DJK is a consultant to Servier Amerique and serves on the advisory boards of Pfizer, Inc., Eli Lilly & Company, Forest Pharmaceuticals, Inc. and F. Hoffmann-La Roche Ltd. VJG is a consultant to Pfizer Italia. PRH has received grants/research support from MH52247 – Mental Health Intervention Research Center: Late Life and MH30915 – MHIRC for Mood and Anxiety Disorders. CB has received grants/research support from NIMH MH60763 – Improving Primary Care Services: Personal Illness Models. EF has no reported conflict of interest.
African-American participants in a bipolar disorder registry: clinical and treatment characteristics
Version of Record online: 14 JAN 2005
Volume 7, Issue 1, pages 82–88, February 2005
How to Cite
Kupfer, D. J., Frank, E., Grochocinski, V. J., Houck, P. R. and Brown, C. (2005), African-American participants in a bipolar disorder registry: clinical and treatment characteristics. Bipolar Disorders, 7: 82–88. doi: 10.1111/j.1399-5618.2004.00163.x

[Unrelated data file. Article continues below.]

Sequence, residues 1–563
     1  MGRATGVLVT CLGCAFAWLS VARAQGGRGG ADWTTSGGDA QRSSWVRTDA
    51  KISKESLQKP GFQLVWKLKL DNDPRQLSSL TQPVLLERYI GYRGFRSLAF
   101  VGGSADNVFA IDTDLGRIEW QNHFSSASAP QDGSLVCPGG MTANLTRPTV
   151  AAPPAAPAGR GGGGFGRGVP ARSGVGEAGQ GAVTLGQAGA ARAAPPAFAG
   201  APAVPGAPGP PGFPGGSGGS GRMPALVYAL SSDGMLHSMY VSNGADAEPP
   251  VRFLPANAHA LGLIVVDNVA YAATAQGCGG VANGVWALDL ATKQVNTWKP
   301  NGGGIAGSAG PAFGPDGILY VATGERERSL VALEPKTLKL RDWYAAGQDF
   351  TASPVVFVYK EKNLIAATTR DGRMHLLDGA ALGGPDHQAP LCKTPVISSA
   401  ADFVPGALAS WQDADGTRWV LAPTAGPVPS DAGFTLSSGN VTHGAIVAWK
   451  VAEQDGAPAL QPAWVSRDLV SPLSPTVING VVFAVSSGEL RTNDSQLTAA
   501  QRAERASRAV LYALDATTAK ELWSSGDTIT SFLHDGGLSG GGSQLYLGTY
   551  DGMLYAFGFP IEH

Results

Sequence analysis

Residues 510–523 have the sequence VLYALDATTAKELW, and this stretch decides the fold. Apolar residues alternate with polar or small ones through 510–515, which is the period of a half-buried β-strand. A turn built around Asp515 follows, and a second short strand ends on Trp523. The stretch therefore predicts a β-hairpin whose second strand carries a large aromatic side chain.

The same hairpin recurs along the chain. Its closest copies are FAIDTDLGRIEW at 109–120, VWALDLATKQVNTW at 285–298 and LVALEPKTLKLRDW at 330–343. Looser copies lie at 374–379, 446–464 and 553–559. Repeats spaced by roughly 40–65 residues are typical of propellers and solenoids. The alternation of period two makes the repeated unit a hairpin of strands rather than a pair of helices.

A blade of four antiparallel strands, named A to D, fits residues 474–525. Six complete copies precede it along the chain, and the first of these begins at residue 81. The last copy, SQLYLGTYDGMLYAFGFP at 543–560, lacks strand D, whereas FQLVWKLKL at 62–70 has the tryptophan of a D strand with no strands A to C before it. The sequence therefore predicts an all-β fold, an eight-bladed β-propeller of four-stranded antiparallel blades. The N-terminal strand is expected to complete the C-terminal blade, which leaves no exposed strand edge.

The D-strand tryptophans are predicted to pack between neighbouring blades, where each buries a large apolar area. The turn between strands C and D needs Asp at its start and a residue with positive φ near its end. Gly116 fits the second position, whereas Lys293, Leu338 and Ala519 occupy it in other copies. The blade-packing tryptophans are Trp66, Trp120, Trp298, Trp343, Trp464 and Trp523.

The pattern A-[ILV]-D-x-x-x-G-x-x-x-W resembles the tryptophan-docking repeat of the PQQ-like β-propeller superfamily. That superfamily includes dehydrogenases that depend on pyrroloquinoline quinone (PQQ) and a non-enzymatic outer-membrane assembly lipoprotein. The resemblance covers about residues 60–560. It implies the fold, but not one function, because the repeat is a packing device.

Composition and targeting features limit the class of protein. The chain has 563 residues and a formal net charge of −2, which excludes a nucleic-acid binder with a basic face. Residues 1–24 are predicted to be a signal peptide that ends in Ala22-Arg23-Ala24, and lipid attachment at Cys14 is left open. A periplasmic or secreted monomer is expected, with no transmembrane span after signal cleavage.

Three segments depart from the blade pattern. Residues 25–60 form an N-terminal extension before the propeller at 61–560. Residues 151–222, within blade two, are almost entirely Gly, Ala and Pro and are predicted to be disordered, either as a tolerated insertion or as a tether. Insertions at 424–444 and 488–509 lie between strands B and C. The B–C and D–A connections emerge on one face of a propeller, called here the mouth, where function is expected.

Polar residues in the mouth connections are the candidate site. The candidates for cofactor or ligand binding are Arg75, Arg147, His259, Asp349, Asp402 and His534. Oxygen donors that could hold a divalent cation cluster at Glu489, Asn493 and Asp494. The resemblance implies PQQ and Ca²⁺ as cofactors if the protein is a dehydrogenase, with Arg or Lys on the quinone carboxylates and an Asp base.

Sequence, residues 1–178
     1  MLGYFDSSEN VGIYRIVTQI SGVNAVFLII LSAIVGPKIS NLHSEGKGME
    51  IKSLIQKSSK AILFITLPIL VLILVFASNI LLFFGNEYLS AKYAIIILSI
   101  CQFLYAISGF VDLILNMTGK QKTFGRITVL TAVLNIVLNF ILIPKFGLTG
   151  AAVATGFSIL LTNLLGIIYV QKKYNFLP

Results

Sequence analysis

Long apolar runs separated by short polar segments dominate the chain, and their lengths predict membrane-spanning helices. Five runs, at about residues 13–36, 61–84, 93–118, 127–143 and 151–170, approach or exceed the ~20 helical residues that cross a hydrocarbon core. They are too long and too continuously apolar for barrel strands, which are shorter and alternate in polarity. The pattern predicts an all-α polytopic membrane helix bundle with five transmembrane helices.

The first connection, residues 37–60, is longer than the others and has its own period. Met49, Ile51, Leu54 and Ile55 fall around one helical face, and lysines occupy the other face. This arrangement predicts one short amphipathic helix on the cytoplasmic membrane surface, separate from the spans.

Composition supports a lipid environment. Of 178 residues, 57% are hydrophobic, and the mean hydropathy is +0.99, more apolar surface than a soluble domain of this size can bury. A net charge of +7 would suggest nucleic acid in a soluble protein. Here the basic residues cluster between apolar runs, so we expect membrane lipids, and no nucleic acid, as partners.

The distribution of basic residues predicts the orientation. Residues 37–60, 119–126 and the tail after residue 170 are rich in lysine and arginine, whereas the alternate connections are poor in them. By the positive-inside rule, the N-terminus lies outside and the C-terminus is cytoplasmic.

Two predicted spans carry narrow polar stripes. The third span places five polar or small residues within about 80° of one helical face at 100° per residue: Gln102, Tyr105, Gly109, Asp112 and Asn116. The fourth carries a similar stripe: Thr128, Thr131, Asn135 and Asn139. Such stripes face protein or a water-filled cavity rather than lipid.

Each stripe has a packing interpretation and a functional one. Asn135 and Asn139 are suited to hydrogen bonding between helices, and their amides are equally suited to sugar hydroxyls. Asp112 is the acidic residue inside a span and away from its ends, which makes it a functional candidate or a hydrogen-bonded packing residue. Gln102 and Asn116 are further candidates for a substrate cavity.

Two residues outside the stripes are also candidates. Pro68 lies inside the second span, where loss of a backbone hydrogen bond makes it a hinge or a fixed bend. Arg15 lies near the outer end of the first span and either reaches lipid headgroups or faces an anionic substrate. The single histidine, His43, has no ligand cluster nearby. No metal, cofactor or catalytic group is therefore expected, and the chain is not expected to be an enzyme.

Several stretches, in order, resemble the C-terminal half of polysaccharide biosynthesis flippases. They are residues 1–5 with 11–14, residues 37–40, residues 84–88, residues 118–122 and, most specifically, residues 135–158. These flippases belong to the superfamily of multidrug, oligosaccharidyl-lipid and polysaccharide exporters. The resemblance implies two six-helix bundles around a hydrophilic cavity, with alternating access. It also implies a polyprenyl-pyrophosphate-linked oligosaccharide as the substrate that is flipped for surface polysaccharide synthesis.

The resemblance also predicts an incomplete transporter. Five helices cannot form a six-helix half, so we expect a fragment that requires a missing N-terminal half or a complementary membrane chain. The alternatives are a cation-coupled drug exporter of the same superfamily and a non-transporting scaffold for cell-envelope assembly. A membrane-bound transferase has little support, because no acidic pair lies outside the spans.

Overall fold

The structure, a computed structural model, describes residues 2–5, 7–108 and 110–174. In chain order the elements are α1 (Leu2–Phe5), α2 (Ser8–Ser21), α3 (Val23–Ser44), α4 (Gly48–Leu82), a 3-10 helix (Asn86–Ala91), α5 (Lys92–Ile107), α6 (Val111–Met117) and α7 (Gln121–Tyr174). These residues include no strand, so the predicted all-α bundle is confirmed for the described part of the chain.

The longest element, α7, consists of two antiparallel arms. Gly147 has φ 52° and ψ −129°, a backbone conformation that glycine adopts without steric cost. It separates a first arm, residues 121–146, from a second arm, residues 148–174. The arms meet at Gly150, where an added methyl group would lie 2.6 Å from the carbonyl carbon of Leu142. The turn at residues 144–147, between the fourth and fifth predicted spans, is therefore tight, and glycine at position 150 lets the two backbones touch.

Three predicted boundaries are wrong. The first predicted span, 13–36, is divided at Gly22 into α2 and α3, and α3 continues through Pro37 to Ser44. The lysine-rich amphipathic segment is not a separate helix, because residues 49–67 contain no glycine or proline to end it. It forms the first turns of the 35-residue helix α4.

- Issue online: 14 JAN 2005
- Version of Record online: 14 JAN 2005
- Received 19 December 2003, revised and accepted for publication 30 August 2004
- bipolar disorder;
Objectives: The goal of this paper was to compare clinical characteristics and treatment history of African-American and Caucasian participants in a bipolar disorder registry.
Methods: The Western Pennsylvania Bipolar Disorder Registry used several recruitment methods to reach individuals self-identified as having bipolar disorder. Individuals who contacted and joined the registry completed an interviewer-administered questionnaire on clinical characteristics and treatment history. A sample of 2,718 registry participants was analyzed in order to compare these characteristics and history by race.
Results: African-Americans in the registry reported a greater number of inpatient hospitalizations (9.8 versus 4.4) than Caucasians, as well as a higher suicide attempt rate (64% versus 49%). African-American participants were more likely to report a family member with schizophrenia. With respect to psychotropic medication, African-Americans were less likely to report taking antimanic medication or benzodiazepines, but more likely to report taking antipsychotics than Caucasians.
Conclusions: The present findings reinforce previous reports regarding the chronicity and severity of bipolar disorder among African-Americans. They also support previous studies that found high rates of attempted suicide among African-Americans with bipolar disorder. These findings provide further impetus for specific community and mental health services delivery efforts to reduce barriers to early accurate diagnosis and to appropriate ambulatory treatment for bipolar disorder.